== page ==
Fatality statistics relating to motor vehicle accidents that occur in California and nationally can sometimes seem a bit ironic and overwhelming.
Take this one: According to the National Highway Traffic Safety Administration, 32,675 people died in vehicle crashes across the country last year.
Although that number is unquestionably jarring and sad, federal regulators give it a bit of a positive spin by juxtaposing it with a fatality-related statistic from this year.
That is this: Federal safety regulators estimate that road deaths in the first half of 2015 are up by more than 8 percent from the same measuring period last year.
In a sense, that perversely makes 2014 somewhat of a banner year for roadway safety.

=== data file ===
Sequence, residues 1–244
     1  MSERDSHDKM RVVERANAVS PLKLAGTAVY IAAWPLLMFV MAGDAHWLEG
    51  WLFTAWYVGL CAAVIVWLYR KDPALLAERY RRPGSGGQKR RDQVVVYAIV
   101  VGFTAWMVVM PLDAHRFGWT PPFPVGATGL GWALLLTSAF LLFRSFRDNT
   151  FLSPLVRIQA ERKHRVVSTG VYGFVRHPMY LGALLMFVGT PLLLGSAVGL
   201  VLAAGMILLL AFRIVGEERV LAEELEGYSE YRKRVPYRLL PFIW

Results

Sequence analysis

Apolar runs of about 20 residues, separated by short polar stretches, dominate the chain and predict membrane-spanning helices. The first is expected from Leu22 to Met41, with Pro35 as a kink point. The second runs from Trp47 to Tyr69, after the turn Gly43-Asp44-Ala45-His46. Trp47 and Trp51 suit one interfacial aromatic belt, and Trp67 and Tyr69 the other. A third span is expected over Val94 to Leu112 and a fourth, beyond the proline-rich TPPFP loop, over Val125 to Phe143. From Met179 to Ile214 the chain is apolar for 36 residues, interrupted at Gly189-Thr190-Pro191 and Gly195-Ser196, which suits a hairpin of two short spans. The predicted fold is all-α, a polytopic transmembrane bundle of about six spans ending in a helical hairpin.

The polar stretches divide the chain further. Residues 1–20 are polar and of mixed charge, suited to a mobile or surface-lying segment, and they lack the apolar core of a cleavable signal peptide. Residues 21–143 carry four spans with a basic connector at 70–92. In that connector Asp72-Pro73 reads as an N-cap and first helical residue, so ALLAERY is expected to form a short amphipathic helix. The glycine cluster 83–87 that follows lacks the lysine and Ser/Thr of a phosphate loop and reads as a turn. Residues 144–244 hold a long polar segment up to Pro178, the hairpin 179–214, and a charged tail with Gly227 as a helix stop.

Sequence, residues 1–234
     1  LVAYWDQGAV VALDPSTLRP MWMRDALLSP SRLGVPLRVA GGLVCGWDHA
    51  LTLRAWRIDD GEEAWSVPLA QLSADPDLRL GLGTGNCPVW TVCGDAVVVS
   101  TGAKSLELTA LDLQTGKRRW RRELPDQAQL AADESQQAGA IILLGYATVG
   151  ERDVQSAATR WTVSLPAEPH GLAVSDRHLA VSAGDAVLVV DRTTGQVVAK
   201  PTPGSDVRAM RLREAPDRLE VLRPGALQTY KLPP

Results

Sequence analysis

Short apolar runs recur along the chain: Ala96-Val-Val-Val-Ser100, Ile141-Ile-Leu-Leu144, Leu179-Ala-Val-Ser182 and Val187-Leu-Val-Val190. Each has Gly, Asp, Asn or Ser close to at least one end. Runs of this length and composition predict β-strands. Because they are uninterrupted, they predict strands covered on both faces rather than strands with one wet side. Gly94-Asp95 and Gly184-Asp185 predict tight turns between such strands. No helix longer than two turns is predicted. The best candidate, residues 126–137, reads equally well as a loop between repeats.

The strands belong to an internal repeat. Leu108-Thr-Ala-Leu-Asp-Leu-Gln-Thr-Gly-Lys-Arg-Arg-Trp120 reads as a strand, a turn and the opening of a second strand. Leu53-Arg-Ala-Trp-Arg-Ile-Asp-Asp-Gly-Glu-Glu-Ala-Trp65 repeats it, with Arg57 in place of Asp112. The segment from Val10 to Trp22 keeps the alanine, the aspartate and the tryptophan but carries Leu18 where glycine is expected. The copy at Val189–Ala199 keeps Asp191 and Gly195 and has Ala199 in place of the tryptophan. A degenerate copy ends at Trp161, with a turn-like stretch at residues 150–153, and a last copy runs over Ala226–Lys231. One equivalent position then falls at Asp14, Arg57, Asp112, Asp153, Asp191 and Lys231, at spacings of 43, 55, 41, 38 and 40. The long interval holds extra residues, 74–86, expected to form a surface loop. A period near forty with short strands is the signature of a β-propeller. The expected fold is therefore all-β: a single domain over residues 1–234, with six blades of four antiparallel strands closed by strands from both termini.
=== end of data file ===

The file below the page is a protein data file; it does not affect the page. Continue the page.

Of course, it truly was not, with the many thousands of fatalities being incalculably tragic and demanding intense scrutiny from safety officials, who must work with the public to improve safety outcomes.
In fact, that is precisely the focus of the NHTSA and other safety groups across the country that are working to identify accident causes and dramatically curb dangerous driving behaviors..
The NHTSA stated late last month that it will engage in a number of forums across the country next year focused upon traffic fatalities and accident-avoidance strategies.
Some of the focal points are familiar roadway foes that routinely imperil safety for drivers, passengers, bicyclists and pedestrians throughout the country.
Drunk driving is a constant nemesis, of course, and a seemingly implacable scourge that is reportedly a factor in approximately one-third of all traffic-related deaths. Speeding, too, is unsurprisingly implicated in many crashes.
So, too, is distracted driving, which the NHTSA has centrally identified as a material cause contributing to crashes in about 94 percent of all cases.